Witness & Access: Thoughts on Richard Serra Drawing Retrospective

Metropolitan Museum of Art  | April 13 – August 28, 2011
By Jonathan Beer

Ozier Muhammad / The New York Times -- From left, works from 1989: “The United States Courts Are Partial to the Government,” “No Mandatory Patriotism” (center) and “The United States Government Destroys Art.”

Since 1971 Richard Serra has focused on large-scale drawings as an art form separate yet linked to the large site-specific sculpture he is known for. The Richard Serra Drawing Retrospective cohesively collects these 40 years of drawing into one exhibition for the first time. The works in the show offer a special insight into the artist’s thoughts and conceptual process, including pieces created in a variety of formats and materials. Much like his colleagues Sol Lewitt and Cy Twombly, Richard Serra confidently shows the unprecedented and unique results that arise when drawing, sculpture, and installation overlap. He reminds us that when mastered, elements of space, form, and material together can create a transcendent experience.
On a fundamental level Serra’s work deals with contradictory relationships. Light versus heavy, open versus closed, imposing versus inviting, black versus white. He doesn’t simply address these concepts, but pits them against each other. Like the filmmaker Andrei Tarkovsky, Serra creates contradictory spaces that are bound by an inverse law of physics, pitting our preexisting knowledge of space against that of perception. In early Serra works, monolithic sculpture, whose steel structure implies its impenetrable and unyielding nature, is shown to be malleable and open. Serra’s drawings are no different in their resistance to logic. Here, Serra favors black oil stick on paper, imbuing the fragile paper with the qualities of steel. The drawings’ heavy, pitch black surfaces somehow creates space instead of swallowing it. They are not dissimilar from the removable rabbit hole in Bugs Bunny cartoons, creating the illusion of an abyss but alas are deceptively solid. Openness and obstruction build a tangible space that denies the possibility of comprehension. Serra’s work challenges our trusted conceptual foundations of spatial understanding, and by actively undermining our intuition about space Serra is free to manipulate it how he wants.

In the 18th century the Sublime emerged in the philosophical treatises of Kant and Hegel, it was described as an encounter between the individual and the immense universe, a spiritual oneness with nature.  19th Century artists Caspar David Friedrich and John Martin may have been some of the first to represent the search for the Sublime moment within their epic landscapes, juxtaposing a fearful humanity against a natural world that is both beautiful and indomitable. Clearly Friedrich and Martin depicted the concept of the sublime and while Serra grapples the actual thing. Instead of translating experience into a picture he attempts to create the experience within the work. Serra is not the first contemporary artist to reference a vision of the Sublime, Anselm Keiffer and James Turrell are other contemporary examples of artists who engage it in their own work. In the past Nature provided mankind with a singular spatial experience and its only outlet to the Sublime. Serra’s sculpture and drawing succeed in manufacturing an artificial portal to the Sublime. The physicality and subversion of standard spatial relationships in a site specific context constructs an interface for the public to access the Sublime. In this way the artist underscores the loss of connection to a Nature-based Sublime experience; showing that this man-made Sublime moment is just as effective.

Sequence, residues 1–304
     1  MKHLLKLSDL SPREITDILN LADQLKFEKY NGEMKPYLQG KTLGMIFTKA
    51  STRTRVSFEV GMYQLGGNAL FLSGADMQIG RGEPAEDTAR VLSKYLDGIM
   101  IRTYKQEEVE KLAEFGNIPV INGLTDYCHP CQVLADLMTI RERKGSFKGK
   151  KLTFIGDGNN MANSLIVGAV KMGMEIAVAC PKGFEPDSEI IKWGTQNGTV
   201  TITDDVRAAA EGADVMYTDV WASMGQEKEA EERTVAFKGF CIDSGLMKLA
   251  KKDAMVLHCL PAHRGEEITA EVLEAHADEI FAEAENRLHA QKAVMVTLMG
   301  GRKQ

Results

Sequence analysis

Instrumental to the success of any artistic experience is the consideration of the viewer during creation. In that role, the viewer is immensely important in completing the intended experiential circuit of each piece. Departing from the innate cloistered relationship between onlooker and art, we are no longer just a witness but an indispensable part of Richard Serra’s work. Process-based art grants access to the artist’s investigations; towering torqued ellipses and cavernous drawings are physical documents of this contemplative journey. They exceed the standard experiential limitations of traditional artwork by enabling a closeness that is physical as well as emotional. Despite the fact that this axiom can be applied to all of Serra’s work, the drawings compound this intimacy. This actual interaction and its unavoidable distortion of standard spatial experience distill Serra’s intent. The physical object serves as a vessel or a conduit that must exist in order for the viewer, the drawing, and the environment to seamlessly meld together into a singular experience. In contrast to the immense presence of his sculptural work, the drawings are scaled to the body, enhancing their power to elude perception. We interact with a fossil of Serra’s Sublime moment, and we confront the Sublime through our contact with the work.

While artists are often expected to pander to the confusion of post-Modernism, making work that reflects a similar confusion, clarity can always be found within the oeuvre of Richard Serra. With grace and efficient articulation, Serra shows us that the possibility for transcendent experience is never lost.

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